The figures are in from around the world and it looks like 23, 542, 614 people took action as part of the Stand Up Against Poverty world record attempt this weekend. The picture above is from this morning's action in Trafalgar Square announcing the total - more from around the world at WhiteBand.org.
With a reported 20 million people taking part in the Philippines alone, however, there are already calls coming in for a recount...
Tuesday, October 17, 2006
Posted by Jonathan at Tuesday, October 17, 2006
Monday, October 16, 2006
In the meeting with Hilary Benn at Portcullis House on Thursday, we managed to speak with him for nearly an hour on conditionality attached to debt relief.
Boardroom style, with Mr. Benn and his cohorts at the end of the table and the fourteen of us surrounding him, the format was actually fairly informal. We started off with a bang, asking him straightaway what specifically he would require to release the £50 million worth of funding to the World Bank. Although he avoided the issue, just as most politicians, he said he would know once he gets the report from the World Bank.
What would he like to see in the report? The truth.
What will he do when he gets the report, will he release the money or will he hold back more? He will decide that once he gets the report, ‘you can’t put the cart before the horse’ type of answer.
How will he make his judgement, what specifically will make him happy? If the World Bank is moving in the right direction, that is progress. It does not happen all at once.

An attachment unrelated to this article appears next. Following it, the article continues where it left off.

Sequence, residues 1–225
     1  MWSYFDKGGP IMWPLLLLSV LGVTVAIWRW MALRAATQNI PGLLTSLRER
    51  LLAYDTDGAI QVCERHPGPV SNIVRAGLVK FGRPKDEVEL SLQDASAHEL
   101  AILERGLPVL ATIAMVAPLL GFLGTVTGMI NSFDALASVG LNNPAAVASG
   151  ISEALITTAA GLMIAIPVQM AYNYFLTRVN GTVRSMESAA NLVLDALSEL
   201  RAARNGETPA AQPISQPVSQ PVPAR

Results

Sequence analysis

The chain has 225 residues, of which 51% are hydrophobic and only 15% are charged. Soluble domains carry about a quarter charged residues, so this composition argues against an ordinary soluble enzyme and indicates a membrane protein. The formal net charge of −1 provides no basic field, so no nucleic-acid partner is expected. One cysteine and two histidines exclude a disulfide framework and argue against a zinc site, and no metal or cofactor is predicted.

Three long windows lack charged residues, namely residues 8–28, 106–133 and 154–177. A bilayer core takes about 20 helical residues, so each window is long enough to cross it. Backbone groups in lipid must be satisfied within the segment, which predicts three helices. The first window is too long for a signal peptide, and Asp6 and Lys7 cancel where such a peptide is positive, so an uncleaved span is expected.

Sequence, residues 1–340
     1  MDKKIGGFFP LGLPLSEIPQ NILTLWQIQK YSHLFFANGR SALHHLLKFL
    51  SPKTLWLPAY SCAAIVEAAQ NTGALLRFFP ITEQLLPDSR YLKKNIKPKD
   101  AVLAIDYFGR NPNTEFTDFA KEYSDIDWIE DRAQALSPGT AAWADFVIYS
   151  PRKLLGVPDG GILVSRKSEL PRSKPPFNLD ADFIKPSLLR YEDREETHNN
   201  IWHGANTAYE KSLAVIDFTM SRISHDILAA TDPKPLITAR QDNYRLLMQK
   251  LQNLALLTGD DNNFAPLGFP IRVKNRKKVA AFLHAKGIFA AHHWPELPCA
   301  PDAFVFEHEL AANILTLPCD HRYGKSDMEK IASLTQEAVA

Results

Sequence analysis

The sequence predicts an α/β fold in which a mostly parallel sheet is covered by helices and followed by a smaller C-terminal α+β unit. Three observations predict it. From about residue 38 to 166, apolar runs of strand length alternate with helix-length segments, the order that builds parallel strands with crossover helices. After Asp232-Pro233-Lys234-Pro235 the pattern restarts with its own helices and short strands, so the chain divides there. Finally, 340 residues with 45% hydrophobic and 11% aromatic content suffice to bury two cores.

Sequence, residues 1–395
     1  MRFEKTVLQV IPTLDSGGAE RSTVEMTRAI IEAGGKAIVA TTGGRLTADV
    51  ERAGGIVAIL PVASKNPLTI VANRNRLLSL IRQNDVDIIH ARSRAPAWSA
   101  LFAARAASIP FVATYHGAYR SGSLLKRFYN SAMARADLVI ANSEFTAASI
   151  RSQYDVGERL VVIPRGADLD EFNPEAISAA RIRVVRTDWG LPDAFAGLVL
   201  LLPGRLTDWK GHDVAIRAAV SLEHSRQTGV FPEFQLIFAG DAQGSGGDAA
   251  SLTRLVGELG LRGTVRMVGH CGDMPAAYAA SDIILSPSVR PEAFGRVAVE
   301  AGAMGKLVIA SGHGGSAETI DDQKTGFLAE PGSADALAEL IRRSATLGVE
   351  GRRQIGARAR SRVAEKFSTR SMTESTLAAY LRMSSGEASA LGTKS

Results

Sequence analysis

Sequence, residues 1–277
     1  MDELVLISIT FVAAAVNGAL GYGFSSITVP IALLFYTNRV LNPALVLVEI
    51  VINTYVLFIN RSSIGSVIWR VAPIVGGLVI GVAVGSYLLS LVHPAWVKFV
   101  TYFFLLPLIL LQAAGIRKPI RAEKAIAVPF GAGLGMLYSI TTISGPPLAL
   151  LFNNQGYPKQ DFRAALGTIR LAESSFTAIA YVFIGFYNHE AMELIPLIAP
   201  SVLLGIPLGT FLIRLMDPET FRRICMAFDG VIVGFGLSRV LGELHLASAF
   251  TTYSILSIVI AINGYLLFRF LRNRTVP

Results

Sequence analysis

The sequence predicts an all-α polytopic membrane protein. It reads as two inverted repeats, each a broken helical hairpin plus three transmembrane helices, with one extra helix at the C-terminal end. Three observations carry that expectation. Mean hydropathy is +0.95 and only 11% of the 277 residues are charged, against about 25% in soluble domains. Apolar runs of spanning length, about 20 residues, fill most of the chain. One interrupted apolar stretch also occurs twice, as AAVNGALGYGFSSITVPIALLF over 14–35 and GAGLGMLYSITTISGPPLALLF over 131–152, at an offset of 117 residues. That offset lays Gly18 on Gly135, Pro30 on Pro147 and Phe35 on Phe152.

Typical politician though he is, Hilary Benn is a great speaker, particularly good at dancing around the issues. But accolades to him for even agreeing to speak with us. He is very passionate when he speaks, and he does genuinely seem to care about the issues. Holding back the £50 million – despite being such a relatively small amount – is a great start. If the amount wasn’t enough, his timing was impeccable, sending a message to the World Bank to get their act together, if nothing else. Now we just need to make sure he follows through with that message in November when he gets the World Bank report, and February/March when discussions about the next round of World Bank funding begin.
Hilary is still farther away then we’d like him to be on issues of debt relief and conditionality…but he is a lot closer than many other politicians – just ask him yourself, he will tell you. Several times he called for our help to garner support from other countries so that he will not be alone in the debate. To an extent, he is right. The UK is very progressive – compared to most countries, that is. We did remind him of good ole Norway who has taken the great leap of cancelling debt which they have taken responsibility for, calling it irresponsible lending on their part. He seemed unaware of this action, but perhaps his ill preparedness will cause him to consider it further…we can hope.